(The Verge)- 50 years and 23 movies later (unless you count that unofficial one), James Bond remains a cultural icon in film. The character of 007 has endured through decades of movies and numerous portrayals. And before you say anything, yes, I know he’s based on a character from literature, so shut up already! Despite having only seen the three most recent films in the series, Casino Royale, Quantum of Solace, and now Skyfall, I can safely say that Daniel Craig’s latest Bond movie is the best one I’ve seen…I think.See, here’s the thing. I saw both Casino Royale and Quantum of Solace when they were in theaters and haven’t seen them since, so I don’t exactly remember them very well. I vaguely remember liking the first one just fine, and the latter film was so forgettable I honestly can’t say if it was as bad as everyone made it out to be. For those reasons, it is difficult for me to compare Skyfall to the previous Craig movies, let alone the almost two-dozen other Bond films. Why am I even telling you this? Because hearing legitimate film critics praise this as being “the best Bond movie in years” or even “the best Bond film ever” has left me slightly perplexed. While I feel that Skyfall stands on its own as a decent film, the fact that I can’t compare it justly to the other installments in the series makes me feel as if I missed something that is causing the critics and film enthusiasts alike to go crazy. With all that being said, Skyfall is still an enjoyable experience in its own right, while being a bit by-the-numbers.
The film wastes no time up front by showing Bond perusing a target with the help of fellow agent Eve (Naomie Harris), chasing by car, motorcycle, and eventually train. Daniel Craig has already proven himself as a more than capable 007, and seeing him reprise his role is a welcome site. Naomie Harris’ character is also a welcome addition, serving as a useful partner to Bond whenever she is needed. After seeing the result of the mission, the movie transitions into the traditional “Bond theme” during the opening credits, this time sung by Adele (because, of course it is!) Adele’s performance comes across as somewhat lifeless, failing to showcase her full range. I’m not even a huge Adele fan, but I’m still used to hearing her belt it out whenever I’m forced to listen to her, and she sounds straight up bored here!
We then come back to Bond, who appears to have been spending his time in the footsteps of Odysseus after washing up on Calypso’s island. Once he has learned that someone is hunting down M16 agents, he decided to return to England and receives his new mission from M (Judi Dench). During his mission, we learn that Bond isn’t quite as flawless as we were once lead to believe. Aside from being rusty as a result of being out of the field for so long, 007 appears to be more concerned with getting the job done than making morality checks. There are a few instances where he could have easily saved the lives of victims while still accomplishing his mission, but he instead chooses to focus on the task at hand. This gives Bond an added layer of personality while still managing to retain his likability. It also shows how the agent has been through a lot over the years, and the issue of his age is brought up several times (it’s worth mentioning that Daniel Craig is only 44.)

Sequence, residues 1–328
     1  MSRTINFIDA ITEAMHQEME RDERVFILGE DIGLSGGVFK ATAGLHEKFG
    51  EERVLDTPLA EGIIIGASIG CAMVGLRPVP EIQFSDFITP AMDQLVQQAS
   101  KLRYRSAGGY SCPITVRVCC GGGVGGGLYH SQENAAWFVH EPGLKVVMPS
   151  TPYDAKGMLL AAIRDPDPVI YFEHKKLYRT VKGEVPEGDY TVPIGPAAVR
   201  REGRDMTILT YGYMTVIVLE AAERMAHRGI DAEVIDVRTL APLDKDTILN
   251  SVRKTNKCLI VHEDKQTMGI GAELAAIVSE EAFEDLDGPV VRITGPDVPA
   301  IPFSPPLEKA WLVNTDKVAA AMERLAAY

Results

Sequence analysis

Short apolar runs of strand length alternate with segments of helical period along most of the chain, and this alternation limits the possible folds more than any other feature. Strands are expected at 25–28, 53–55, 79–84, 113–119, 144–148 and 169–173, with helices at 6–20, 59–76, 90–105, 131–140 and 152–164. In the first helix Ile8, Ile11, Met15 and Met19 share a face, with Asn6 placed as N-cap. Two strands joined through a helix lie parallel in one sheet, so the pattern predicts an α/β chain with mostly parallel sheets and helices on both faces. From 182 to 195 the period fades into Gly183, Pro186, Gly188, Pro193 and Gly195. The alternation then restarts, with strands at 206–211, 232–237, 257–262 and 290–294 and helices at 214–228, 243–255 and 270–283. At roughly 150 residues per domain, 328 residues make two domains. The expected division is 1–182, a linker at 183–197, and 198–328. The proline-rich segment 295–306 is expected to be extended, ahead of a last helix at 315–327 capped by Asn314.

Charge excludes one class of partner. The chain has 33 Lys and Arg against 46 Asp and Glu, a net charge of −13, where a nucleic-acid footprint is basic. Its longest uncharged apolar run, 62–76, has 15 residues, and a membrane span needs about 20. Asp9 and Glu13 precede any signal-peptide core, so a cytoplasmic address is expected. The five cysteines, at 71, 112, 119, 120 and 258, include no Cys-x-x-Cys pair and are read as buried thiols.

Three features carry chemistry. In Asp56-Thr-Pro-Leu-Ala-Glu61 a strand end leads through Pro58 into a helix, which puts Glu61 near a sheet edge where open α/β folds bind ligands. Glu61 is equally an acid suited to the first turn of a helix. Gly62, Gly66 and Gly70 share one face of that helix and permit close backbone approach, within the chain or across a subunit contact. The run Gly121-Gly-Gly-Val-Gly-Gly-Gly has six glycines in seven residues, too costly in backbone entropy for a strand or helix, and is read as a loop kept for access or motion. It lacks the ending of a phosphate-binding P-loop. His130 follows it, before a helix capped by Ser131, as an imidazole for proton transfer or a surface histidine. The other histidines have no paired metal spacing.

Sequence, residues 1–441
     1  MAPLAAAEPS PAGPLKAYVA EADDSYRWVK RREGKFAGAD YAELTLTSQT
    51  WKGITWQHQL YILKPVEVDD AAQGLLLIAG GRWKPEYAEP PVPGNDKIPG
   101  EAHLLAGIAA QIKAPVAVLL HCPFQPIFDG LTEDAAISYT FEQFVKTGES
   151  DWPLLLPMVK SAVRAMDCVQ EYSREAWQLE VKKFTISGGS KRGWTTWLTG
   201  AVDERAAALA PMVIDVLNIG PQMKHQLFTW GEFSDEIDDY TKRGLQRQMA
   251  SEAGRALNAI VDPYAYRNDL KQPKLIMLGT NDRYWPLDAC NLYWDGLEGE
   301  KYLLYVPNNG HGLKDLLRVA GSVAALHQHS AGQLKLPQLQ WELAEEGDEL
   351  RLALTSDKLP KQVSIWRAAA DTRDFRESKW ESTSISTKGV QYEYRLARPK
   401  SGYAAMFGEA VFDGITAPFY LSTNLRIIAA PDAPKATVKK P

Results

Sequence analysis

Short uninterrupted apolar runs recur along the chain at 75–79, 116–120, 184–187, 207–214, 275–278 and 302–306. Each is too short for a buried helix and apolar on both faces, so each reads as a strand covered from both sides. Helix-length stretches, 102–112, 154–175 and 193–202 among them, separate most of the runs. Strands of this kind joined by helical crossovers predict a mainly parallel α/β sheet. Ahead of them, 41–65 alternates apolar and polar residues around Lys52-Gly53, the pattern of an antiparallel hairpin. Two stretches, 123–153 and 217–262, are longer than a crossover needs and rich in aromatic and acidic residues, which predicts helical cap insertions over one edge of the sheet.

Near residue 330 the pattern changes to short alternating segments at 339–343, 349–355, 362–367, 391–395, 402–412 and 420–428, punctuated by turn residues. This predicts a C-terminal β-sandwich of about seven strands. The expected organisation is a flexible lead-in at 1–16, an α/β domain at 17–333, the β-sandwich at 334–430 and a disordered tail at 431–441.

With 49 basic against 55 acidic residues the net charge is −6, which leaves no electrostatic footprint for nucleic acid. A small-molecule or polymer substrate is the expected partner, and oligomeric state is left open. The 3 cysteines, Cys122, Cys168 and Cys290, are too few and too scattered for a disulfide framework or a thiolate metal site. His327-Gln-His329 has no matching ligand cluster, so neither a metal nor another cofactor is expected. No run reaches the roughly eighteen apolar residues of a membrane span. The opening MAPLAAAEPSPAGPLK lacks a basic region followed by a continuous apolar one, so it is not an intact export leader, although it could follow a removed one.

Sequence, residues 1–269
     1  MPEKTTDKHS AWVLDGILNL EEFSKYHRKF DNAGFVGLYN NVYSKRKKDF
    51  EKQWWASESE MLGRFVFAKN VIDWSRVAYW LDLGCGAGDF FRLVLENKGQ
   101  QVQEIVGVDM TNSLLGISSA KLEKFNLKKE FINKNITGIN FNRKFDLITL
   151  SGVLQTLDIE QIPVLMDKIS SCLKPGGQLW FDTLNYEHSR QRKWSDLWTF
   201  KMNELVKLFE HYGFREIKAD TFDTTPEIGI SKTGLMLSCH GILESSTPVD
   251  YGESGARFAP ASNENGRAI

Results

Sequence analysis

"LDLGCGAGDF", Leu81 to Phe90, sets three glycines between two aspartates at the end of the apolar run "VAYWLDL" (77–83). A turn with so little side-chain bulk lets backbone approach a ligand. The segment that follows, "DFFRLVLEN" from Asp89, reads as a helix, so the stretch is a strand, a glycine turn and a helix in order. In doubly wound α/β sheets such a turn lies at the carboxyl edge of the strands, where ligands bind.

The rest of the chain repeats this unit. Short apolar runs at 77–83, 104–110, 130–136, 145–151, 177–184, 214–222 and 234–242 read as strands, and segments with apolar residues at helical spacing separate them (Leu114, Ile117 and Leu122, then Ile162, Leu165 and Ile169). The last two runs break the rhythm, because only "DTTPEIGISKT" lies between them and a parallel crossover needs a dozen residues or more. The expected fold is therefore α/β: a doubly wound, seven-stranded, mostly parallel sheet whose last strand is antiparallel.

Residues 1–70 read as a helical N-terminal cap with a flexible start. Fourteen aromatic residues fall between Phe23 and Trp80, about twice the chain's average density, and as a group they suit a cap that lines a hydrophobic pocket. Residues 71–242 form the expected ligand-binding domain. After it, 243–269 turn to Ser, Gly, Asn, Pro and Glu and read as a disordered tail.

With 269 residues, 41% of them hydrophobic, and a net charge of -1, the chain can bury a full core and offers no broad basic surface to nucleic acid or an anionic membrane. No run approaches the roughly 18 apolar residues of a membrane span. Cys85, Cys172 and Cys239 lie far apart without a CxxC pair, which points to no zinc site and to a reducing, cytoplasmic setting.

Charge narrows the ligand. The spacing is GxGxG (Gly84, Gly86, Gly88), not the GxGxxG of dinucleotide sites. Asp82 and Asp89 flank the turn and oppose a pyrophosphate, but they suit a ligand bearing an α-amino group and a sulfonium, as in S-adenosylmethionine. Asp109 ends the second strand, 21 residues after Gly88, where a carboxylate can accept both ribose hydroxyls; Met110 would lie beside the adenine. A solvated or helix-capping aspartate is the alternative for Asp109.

Skyfall‘s major theme is that of being “old-fashioned.” Several characters question whether doing things the old-fashioned way is truly the best way, and the film addresses this concern with both its characters and set-pieces. M’s character is the biggest defender of the old ways, with her character having a more prominent and personal role this time around. Her speech towards the back-half of the film on the matter is one of the shining moments of Skyfall, and can be contextualized in terms of the real world quite easily. The reintroduction of the “Q” character (Ben Whishaw) also brings credence to this concern, with his high-tech means of problem solving supporting the theory that Bond’s job is irrelevant. Whishaw’s character is a breath of fresh air to the series, and is reigned in enough to prevent his character from overstaying his welcome. While this overall theme gives Skyfall an extra layer of substance, it is not enough to elevate the film to a higher level, which is ultimately its greatest flaw.
While Skyfall is an entertaining action film that doesn’t fall into the trap of “dumbing itself down” for general audiences, its greatest shortcoming is that its overall plot is fairly by-the-numbers. This may be fine for a formulaic series such as the Bond films, but there is nothing here that is truly groundbreaking, as opposed to something like The Dark Knight. The generic plot is mostly hampered by the main villain. Javier Bardem’s character, while well acted, is ultimately bland and uninspired. For these reasons, I am left baffled as to why this film is being praised as highly as it is. I know a film should be judged on its own merits rather than the opinions of the masses, but as I was watching Skyfall, I couldn’t help but feel that I was missing something that pushed it over the edge for most people. When the movie was over, I was left satisfied with the overall experience, but also dissapointed in the general hype.
If you are looking for a revolutionary action movie that redefines the genre, you probably won’t find it here. There are moments where Skyfall attempts to be more than the sum of its part, but it never succeeds in achieving that level of greatness. What it does succeed in, however, is being an enjoyable Bond film that is sure to entertain 007 fans as well as causal movie-goers alike.